Wednesday, May 28, 2014

Not Too Arty

Maybe it's because we saw so much art in Italy, but we haven't yet rushed off to visit art museums here in Paris.  That is not to say we haven't gone to museums, we have, but the definition of museum seems to take in a numbere of other categories if things to view.

A quick perusal of what's available to see turned up a couple of things that are nearing the end of their tenure here.  Our first visit was to the Musée Galliera, the fashion museum that is open only for special exhibitions.  It was entirely closed for years, the result of a budget shortfall I was told, but the relatively recently appointed director has mounted several exhibitions in recent years.

This one was a retrospective of fashion photography in Condé Nast magazines from early in the 20th century to now.  Although interesting I was glad I hadn't gone out of my way to see it.  The building itself is lovely, opposite the Palais de Tokyo on Avenue President Wilson.  And so lunch at the restaurant there, Tokyo Eats, was necessary, right?  Surprisingly good and inexpensive. Go if you're in the area.

Our next not-really-art exhibit was the Orient Express at the Insitut du Monde Arabe.  In the entry court are several restored carriages that at one time belonged to the Compagnie Wagon-Lits, which operated the incredibly lavish trains running across Europe from London to Istanbul and parts of the Middle East from the early days of the 20th century until WW II.  These trains transported royalty and the simply rich in great style and served as the location for many a book and film, most particularly Agatha Christie's "Murder on the Orient Express" which the curators have used to great effect here, setting up the berths to remind viewers of the famous mystery.  They have also set the tables in the dining car to reflect famous passengers including Mata Hari, Graham Greene and Josephine Baker.  The newspapers tossed casually on the tables have videos instead of photos on the front pages, reflecting the events of the time.  It's very well done and the exhibition continues inside the Institut with many more items and pictures and memoribilia.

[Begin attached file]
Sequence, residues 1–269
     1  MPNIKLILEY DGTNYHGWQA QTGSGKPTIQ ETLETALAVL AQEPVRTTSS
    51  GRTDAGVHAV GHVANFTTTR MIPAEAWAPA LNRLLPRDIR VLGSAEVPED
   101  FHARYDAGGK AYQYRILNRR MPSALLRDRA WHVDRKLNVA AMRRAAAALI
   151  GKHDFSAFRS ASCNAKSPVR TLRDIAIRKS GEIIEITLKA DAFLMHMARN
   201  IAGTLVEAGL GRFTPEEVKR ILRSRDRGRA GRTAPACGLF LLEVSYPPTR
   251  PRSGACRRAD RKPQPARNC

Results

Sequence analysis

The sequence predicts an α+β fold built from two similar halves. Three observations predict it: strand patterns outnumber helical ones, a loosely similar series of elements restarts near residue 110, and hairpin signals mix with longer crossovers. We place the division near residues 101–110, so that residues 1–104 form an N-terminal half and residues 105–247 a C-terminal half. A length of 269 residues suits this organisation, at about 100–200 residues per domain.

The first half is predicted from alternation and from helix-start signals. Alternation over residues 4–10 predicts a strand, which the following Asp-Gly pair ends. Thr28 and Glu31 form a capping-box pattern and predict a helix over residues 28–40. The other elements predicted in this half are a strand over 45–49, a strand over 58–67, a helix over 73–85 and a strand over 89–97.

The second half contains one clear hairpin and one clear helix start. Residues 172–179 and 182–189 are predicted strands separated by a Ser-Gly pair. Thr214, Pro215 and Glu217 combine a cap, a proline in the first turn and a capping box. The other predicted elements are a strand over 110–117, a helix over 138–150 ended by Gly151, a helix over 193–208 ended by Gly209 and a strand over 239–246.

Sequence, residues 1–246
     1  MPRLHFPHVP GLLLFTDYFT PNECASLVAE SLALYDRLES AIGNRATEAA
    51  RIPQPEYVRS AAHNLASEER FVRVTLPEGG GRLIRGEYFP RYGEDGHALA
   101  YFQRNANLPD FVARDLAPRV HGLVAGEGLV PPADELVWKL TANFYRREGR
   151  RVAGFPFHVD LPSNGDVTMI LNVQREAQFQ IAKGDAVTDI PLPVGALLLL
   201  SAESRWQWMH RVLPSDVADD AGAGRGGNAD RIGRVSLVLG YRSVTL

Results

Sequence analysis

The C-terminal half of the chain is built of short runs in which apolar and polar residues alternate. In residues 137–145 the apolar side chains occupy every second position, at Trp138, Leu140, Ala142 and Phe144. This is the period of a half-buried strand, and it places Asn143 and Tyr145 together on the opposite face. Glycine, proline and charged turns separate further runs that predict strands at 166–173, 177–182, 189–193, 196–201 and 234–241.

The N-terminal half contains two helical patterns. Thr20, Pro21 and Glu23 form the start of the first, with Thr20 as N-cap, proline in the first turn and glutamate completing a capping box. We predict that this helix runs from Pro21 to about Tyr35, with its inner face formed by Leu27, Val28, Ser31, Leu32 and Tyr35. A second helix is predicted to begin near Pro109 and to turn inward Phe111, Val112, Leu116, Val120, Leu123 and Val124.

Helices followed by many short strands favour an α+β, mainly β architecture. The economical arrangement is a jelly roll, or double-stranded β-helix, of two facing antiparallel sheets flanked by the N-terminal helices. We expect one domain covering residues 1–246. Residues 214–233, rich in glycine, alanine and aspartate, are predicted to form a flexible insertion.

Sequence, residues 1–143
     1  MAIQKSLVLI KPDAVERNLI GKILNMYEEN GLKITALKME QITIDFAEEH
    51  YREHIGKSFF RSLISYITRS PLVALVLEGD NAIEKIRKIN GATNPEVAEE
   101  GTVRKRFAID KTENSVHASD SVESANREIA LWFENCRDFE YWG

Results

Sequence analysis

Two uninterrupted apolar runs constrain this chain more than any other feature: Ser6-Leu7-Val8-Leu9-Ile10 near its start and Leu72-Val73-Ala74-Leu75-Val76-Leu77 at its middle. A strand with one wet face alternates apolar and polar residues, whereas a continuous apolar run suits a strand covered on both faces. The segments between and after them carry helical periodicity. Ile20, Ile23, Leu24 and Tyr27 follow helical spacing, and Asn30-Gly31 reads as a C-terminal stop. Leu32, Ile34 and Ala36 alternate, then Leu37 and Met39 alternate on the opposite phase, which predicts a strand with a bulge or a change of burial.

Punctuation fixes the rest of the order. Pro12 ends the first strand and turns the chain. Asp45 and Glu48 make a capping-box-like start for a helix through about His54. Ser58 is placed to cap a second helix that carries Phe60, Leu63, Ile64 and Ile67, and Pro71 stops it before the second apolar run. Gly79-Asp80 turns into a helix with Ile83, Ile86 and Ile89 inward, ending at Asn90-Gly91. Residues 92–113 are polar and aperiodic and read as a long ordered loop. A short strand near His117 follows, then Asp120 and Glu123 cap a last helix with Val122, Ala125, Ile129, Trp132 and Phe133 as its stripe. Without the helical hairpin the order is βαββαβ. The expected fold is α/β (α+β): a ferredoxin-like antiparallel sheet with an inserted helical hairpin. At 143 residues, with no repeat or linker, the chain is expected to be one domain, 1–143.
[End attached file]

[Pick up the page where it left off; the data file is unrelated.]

Yesterday we aimed for the Luxembourg Gardens and the fence surrounding them which is often the setting for photographic exhibits on particular themes.  This being the 100th anniversary of the start of World War I, the large photos are of locations where that war was fought as they appear today.  Many are aerial shots and it's incredible to see the scars of trench warfare and underground bombing still so clearly visible.  In addition, I tend to forget that the war covered much more territory than the fields of Flanders. It extended to Central Europe, Greece, Palestine and other parts of the Ottoman Empire.  No limit on the killing fields.

It sounds callous as I write it, but after a break for lunch (a recurring theme to our days that you may have noticed) we went down the street to the Musée Luxembourg for an exhibition about Napoleon's Empress Josephine, a woman who wound up far from her childhood home as a planter's daughter in Martinique.  She was an interesting woman and, according to the commentary, one generally thought intelligent, charming and kind.  She also had a jones for jewels.  What is shown here is miniscule based on the size of the cabinet in the exhibit.  It's the size of a large armoire.  A very large armoire.

Later this week we plan to visit the Grand Palais to see this year's Monumenta.  Every year an artist of international reputation is invited to mount an exhibition taking advantage of the enormous volume of the nave of the structure.  In the past the artists have included Anish Kapoor, Anselm Keifer and Christian Boltanski.  This year is a couple, originally Russian, named Ilya and Emilia Kabakov, about whom I know nothing.  We have however seen every Monumenta since the beginning except for last year when we were not in Paris, so we're gonna see this one, by golly!  Whether we like the particular  installation or not, the attempt by each artist to make use of the huge space is worth seeing.

Oh, just so you know, we have reservations for lunch at the Mini Palais, just next door.  No point in changing our habits.

Photos are at

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